The People's Pharmacy

Joe Graedon, M.S.,and Teresa Graedon, Ph.D.

Q. I recently read about a 60-year-old man having problems after a colonoscopy. I had similar trouble with alternating diarrhea and constipation, as well as a lot of pain that the doctor called irritable bowel syndrome. I believe the suggested remedy was narcotics, in which I had no interest.

I put up with the pain and mess for about five years. Then I got a cut on my arm while I was working on a construction site. It became infected, and the doctor gave me a broad-spectrum antibiotic. The day I took the last dose of the antibiotic, my bowel problems cleared up and did not return. Apparently, I had picked up a stubborn infection from the colonoscope.

A. Your story is fascinating. Colonoscopes can sometimes be contaminated (American Journal of Infection Control, August 2015). Another possibility is that the “cleansing” of the digestive tract in preparation for the colonoscopy disrupted the balance of microbes in your digestive tract (European Journal of Gastroenterology & Hepatology, May 2016).

The impact of antibiotics on the microbes living in the digestive tract is not yet well understood (Cell, Sept. 6, 2018). Often, antibiotics kill gut microbes indiscriminately, and people sometimes have trouble re-establishing their original ecological balance. However, it sounds as though your antibiotic experience was far more positive.

Q. I really appreciate the information I get from your newsletter. From reading it, I learned about authorized generic drugs.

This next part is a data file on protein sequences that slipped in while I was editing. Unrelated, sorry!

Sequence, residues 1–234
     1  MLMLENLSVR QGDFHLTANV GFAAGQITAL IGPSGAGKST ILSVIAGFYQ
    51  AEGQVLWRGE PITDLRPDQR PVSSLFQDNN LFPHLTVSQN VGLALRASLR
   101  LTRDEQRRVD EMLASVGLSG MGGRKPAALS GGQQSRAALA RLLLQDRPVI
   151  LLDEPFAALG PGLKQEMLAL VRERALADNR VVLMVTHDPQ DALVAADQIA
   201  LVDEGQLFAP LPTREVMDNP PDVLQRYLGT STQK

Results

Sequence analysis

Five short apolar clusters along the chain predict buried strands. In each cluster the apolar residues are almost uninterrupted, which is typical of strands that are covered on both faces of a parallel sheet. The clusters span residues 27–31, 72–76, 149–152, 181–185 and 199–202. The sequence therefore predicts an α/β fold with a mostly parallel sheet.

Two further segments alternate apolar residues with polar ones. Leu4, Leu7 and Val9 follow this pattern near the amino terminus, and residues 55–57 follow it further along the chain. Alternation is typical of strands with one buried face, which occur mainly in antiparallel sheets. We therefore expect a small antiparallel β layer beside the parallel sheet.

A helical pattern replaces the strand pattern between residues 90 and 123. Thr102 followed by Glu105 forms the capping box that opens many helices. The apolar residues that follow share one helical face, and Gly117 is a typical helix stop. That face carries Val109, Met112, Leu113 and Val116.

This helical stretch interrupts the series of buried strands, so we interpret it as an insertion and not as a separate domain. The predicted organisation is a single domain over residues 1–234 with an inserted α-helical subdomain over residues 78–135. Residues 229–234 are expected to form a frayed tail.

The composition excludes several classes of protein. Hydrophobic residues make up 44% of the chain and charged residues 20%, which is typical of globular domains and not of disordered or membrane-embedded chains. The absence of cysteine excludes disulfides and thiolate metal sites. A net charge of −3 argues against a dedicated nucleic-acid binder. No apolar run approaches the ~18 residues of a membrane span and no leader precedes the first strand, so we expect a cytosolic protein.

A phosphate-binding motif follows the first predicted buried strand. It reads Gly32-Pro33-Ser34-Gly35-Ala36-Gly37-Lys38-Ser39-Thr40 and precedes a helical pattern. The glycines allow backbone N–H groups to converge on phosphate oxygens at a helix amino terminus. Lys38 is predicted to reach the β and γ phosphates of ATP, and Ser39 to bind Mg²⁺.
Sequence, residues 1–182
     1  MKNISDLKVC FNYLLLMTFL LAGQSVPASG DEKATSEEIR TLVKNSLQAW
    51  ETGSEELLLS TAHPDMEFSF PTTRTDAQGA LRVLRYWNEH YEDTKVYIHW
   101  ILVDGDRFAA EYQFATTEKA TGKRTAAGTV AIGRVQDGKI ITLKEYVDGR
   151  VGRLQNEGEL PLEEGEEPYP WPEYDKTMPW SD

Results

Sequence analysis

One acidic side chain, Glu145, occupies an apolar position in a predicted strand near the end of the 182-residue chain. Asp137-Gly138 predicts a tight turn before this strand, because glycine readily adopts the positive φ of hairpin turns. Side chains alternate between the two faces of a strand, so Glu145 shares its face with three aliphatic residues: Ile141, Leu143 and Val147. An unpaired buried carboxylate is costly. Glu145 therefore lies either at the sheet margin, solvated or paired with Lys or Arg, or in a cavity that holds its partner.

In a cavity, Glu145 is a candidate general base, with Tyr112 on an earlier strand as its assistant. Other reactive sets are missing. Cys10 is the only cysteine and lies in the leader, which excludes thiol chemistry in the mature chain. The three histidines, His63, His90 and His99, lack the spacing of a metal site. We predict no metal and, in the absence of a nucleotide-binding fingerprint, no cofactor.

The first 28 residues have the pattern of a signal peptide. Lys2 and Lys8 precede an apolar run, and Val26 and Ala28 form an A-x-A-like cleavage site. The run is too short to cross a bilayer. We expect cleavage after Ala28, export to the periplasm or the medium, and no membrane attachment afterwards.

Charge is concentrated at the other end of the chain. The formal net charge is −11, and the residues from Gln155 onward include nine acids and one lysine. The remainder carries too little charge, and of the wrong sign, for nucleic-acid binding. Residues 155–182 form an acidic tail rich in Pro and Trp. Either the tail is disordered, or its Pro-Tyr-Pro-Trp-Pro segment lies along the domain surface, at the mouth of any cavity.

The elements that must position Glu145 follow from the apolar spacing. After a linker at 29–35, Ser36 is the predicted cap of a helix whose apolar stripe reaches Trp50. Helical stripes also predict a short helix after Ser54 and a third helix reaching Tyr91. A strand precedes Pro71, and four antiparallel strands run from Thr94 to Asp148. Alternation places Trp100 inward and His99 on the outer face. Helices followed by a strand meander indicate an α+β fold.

I began using the authorized generic of Celebrex from Greenstone about two years ago and noticed a marked difference from taking ordinary generic celecoxib.

Now, I’ve been told that Greenstone is no longer producing this authorized generic. Do you have any suggestions where I can obtain the authorized generic for Celebrex? I am looking for a 100 mg dose.

A. Greenstone is a subsidiary of Pfizer. As a result, this generic drugmaker distributes a number of authorized generic versions of Pfizer brand-name medications.

An authorized generic is one licensed by the brand-name maker. It may be manufactured in the same plant or even on the same production line as its brand-name equivalent. In any event, it is made to the exact same “recipe.” Consequently, most people report reacting to the authorized generic drug the same way they respond to its brand-name counterpart.

We have heard from many other readers that they were disappointed with some of the generic versions of celecoxib. They say they don’t get the same pain relief that they got from Celebrex.

We checked with Greenstone and learned the company still offers authorized generic celecoxib in a range of doses. Your pharmacist may have to special order them, however. You will find a lot more information about authorized generic drugs in our eGuide to Saving Money on Medicines. This online resource is available at www.PeoplesPharmacy.com.

Q. I had canker sores for years until I discovered Biotene toothpaste. It is formulated especially for people with dry mouth and does not contain sodium lauryl sulfate.

My gums are healthier, and I’ve had no cavities since it contains fluoride. It is more expensive, but it’s worth it not to suffer from canker sores.

A. We have heard from many readers that the foaming agent SLS (sodium lauryl sulfate) can be irritating to their mouths and gums. A toothpaste without SLS, like Biotene, may be a good choice for someone like you.

(In their column, Joe and Teresa Graedon answer letters from readers. Write to them in care of King Features, 628 Virginia Drive, Orlando, Fla. 32803, or email them via their website: www.PeoplesPharmacy.com.)

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